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Publish events to SDS via the REST interface

By Jeff Wootton

See how to publish input events to a streaming project via the http REST interface

You will learn

In this tutorial we will use the Postman API test tool to publish input events to our streaming project via the SDS REST interface.

Details

Before you begin:
- Your smart data streaming server must be running
- The Streaming Web Service (SWS) is running on the SDS server

Step 1: Enable the REST interface for your streaming project

Streaming projects can expose REST and Web Socket interfaces, but this is not enabled by default. So our first step is to expose the REST interface for our freezer_monitor project.

Note that this is technically not an adapter but a service provided by the SDS cluster. Therefore you don’t add an http adapter to your project, but rather enable the project for Web Services

In the Streaming Project Explorer, double click on the project configuration file freezer_monitor.ccr to open it in the configuration editor.

Edit project config file

Go to the Advanced tab and click on Project Deployment in the left pane of the configuration editor to display the project deployment details.

Set the Web Service Enabled property to true

enable web services

Now close the Project Configuration editor and save the changes.

And finally:

  1. re-start your project with the new configuration
  2. open a viewer on the MACHINEDATA input stream - later, after you post an event, you’ll be able to see it there.
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Step 2: Download or install a REST client

For this tutorial you will need a way of creating the calls that you will send to the server. We created this tutorial using Postman - though you can use whatever REST client you like.

You can get Postman from http://www.getpostman.com/

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Step 3: Confirm that you can connect to SWS

The REST and Web Socket interfaces for streaming projects are provided by the Streaming Web Service (SWS) - a service of the smart data streaming cluster. At this point SWS should already be running on your SDS cluster. Let’s make sure we can connect to it.

To do this, send a simple http GET to the server. You will need substitute the IP address of your HANA system in the URL below:

GET  http://10.x.x.x:9093/1/version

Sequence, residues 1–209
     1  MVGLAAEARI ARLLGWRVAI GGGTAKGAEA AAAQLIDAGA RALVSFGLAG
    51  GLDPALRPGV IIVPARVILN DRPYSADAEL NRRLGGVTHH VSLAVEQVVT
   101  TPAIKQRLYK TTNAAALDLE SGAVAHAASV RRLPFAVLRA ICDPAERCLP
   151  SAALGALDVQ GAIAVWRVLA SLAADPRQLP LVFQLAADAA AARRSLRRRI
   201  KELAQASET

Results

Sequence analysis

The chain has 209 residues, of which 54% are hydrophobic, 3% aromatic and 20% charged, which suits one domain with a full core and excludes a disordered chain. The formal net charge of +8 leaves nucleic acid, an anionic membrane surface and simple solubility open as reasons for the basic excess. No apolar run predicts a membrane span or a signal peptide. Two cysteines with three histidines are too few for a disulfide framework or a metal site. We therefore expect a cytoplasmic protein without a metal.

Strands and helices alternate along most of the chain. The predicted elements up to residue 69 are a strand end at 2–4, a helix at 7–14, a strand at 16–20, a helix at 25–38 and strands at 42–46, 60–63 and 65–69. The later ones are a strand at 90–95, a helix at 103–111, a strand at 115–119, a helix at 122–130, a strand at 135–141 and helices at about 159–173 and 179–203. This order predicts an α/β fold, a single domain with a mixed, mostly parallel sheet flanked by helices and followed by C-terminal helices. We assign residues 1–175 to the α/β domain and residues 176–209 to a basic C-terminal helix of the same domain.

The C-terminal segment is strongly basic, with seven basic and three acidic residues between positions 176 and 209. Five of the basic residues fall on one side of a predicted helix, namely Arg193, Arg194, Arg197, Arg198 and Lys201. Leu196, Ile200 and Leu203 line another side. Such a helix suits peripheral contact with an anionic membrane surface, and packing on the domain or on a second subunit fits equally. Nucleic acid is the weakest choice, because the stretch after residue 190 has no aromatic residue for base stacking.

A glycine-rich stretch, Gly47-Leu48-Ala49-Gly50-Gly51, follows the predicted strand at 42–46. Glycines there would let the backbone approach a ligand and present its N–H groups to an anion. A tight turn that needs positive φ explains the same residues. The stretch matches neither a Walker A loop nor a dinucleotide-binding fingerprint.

Here it is in Postman:

Check SWS connectivity

If successful, you should get a response that looks something like this:

{"version-string":"2.00.000.00/20161121.1/SP00/linux/x86_64/64-bit/OPT/Mon Nov 21 00:13:43 PST 2016"}

If you get an error indicating no response, then you aren’t able to connect to the SWS web server. Check the following:

  • Double check the IP address (or host name) you are using in the http GET request
  • Confirm that the smart data streaming SWS web server is running
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Step 4: Get an authorization token

Before you can publish messages, SWS requires that you request for a token for the specific resource you intend to access. The returned token then needs to be included in the headers of subsequent POSTs. To get an authorization token we need to send a POST request as follows (substituting the IP address - or hostname - of the host where SWS is running):

POST     http://10.x.x.x:9093/1/authorization

The header needs to include basic authorization credentials, where the username and password are base64 encoded. So the header will look something like this:

authorization: Basic U0RTX1VTRVI6UGFzc3dvcmQx

But Postman will construct this for you, and do the encoding. Just go to the Authorization tab, enter your credentials, and click “Update Request”

set authorization header

And now go to the Body tab, select raw, and enter the payload. For this test, we need to request a token that will allow us to publish to the MACHINEDATA stream of the freezer_monitoring project running under the default workspace. Copy this and paste it into the body: